Is the crack volatile? How long has it been there? Is it moving?
If there is moisture in the crack it has to be removed, and the best way to do that is with heat, so although I prefer not to submit long cracks to drastic temperature changes I do heat cracks to remove moisture. The important thing to remember here is that you want to warm the glass slowly, and if at all possible warm the entire windshield. Once the glass is warm, a heat gun with a concentrated tip or a torch may be used to dry out the break. CAUTION: This is not for the faint of heart. As most of you know I am not a big fan of using a torch or heat gun on damaged glass, but when it comes to long cracks moisture evaporators just don’t always cut it. However, using a torch or heat gun greatly increases the chance of a crack out, so I strongly suggest that you only use those methods if you have practiced this technique at least a couple dozen times.
If the crack moves when you apply light pressure near the end or if the customer tells you it has moved within the last few days, I recommend drilling the end and popping a small bullseye at the end with a Delta Kits Slide Hammer. I also recommend drilling any crack over 3″ long as a precautionary measure.
If the windshield is 70 degrees F or above and there is no water in the crack I would not heat the glass. In fact, if the crack does not stem from a star or combination break that will also need to be filled I would not warm the glass unless it was under 60 degrees F. The reason for this is that as the glass is warmed it expands and if warmed too much the crack may expand and make injecting resin more difficult.
If you do have to warm the glass, do so slowly as stated above. Defrosters work well if you can run the vehicle during the repair process, but you should also warm the outside of the glass whenever possible. Generally I like using a hair dryer for warming a break, but when dealing with long cracks I prefer using heat lamps or an electric blanket draped across the glass. This allows you to warm the glass slowly and keep it warm during the repair process. However I must admit that I don’t typically carry an electric blanket or heat lamps with me, so in most cases I end up positioning my hair dryer so it blows warm (not hot) air across the crack during the repair process. Warm the glass prior to starting the repair and do not apply spot heat to a long crack during the pressure cycle.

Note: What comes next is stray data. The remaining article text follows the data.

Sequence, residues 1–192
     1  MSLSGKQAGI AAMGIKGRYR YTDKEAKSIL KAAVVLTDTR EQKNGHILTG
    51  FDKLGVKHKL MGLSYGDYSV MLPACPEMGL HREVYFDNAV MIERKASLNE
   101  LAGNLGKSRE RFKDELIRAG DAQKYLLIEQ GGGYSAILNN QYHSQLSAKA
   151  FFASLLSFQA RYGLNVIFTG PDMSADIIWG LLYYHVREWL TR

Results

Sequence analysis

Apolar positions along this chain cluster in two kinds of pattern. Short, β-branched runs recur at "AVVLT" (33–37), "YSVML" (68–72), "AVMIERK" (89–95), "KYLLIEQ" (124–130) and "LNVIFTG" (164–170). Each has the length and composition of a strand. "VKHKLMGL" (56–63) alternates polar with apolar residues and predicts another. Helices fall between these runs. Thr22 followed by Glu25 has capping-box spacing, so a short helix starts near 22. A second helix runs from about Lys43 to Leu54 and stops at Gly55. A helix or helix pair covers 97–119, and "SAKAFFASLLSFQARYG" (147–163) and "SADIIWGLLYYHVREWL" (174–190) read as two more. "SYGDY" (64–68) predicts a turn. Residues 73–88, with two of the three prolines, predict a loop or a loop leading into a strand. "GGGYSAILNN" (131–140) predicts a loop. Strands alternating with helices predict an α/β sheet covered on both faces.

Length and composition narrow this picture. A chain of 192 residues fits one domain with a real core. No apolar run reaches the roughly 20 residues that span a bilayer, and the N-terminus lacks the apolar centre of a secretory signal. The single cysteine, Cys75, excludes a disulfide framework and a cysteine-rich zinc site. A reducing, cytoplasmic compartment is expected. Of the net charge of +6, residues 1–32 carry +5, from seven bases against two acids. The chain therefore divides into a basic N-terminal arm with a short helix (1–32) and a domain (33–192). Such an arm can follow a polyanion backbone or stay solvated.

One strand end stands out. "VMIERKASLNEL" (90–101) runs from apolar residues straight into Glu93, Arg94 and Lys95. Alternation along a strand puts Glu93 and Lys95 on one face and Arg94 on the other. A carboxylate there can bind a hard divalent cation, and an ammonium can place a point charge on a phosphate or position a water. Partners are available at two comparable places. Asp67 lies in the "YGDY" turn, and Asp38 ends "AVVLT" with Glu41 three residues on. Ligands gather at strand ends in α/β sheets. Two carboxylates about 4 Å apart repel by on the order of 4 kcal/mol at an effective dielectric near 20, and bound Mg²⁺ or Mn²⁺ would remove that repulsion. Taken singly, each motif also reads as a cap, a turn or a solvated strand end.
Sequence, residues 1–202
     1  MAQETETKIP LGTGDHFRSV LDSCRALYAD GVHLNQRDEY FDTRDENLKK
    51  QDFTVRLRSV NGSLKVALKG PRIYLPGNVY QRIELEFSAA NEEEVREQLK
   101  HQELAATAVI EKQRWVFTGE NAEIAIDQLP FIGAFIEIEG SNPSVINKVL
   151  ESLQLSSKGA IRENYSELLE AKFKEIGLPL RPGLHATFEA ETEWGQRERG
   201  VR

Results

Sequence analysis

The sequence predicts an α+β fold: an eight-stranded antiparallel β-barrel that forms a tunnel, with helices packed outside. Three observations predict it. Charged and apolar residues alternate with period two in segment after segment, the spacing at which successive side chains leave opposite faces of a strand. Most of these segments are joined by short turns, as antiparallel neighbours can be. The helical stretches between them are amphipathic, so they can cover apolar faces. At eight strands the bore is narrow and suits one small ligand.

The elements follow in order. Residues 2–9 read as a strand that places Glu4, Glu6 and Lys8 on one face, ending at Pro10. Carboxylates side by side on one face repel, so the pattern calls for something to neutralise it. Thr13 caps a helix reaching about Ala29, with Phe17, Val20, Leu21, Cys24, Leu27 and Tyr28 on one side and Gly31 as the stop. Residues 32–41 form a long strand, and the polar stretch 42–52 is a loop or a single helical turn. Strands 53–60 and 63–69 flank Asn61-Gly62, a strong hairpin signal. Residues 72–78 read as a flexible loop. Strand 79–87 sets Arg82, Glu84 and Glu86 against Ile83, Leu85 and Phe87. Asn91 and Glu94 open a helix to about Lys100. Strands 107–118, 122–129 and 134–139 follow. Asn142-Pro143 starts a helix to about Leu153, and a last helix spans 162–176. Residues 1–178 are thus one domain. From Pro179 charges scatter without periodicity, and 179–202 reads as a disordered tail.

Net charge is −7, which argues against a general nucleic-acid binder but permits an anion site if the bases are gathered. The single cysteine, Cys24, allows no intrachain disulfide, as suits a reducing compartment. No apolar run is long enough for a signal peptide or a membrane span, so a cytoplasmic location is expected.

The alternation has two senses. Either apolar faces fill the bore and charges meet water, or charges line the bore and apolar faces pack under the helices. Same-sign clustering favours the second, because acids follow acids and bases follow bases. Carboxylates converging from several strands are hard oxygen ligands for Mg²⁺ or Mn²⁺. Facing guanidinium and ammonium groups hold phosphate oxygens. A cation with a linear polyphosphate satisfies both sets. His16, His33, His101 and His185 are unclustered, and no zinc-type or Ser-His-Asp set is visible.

I don’t typically use crack expanders unless I expect to have a troublesome spot in a crack, but if you have drilled the end of the crack, popped a bullseye to terminate the crack, and have warmed the glass to the proper temperature, you may want to place a crack expander every 6″ or so and carefully apply light pressure. If the crack has partially closed due to the drying or warming process, the crack expander will open it back up and make filling with resin easier. Be prepared to remove crack expanders quickly if the crack moves past the termination point. Otherwise leave them on until the crack is completely filled with resin and then remove them just prior to curing.
Important things to remember when filling long cracks regardless of weather conditions.
- Be sure you identify the “true” end of the crack and mark it from the inside of the glass with a Sharpie prior to drilling and creating a termination point. Remove the sharpie mark after the repair is complete.
- Be sure there is no moisture in the crack.
- Be sure you position yourself at such an angle that you can see the resin filling the crack. Technicians often mistake air for light reflection or vice versa, but if you watch the resin flow through the crack you will know when it is properly filled.
- Be sure the resin flows all the way to the end of the crack.
- Never attempt a long crack repair unless you are comfortable doing so. Long crack repair takes practice, and practice should never be performed on a customer’s vehicle. Use practice glass.
- Allow more time for crack repairs, especially in cold weather.
- Be sure to match the resin temperature to the glass temperature. It does not have to be exact, but keeping it within 10 degrees F will minimize the chance of a crack out and help fill cracks faster.
In summary, crack repairs in cold weather can be challenging, but with enough practice, the proper tools, and the right technique, they can be accomplished successfully.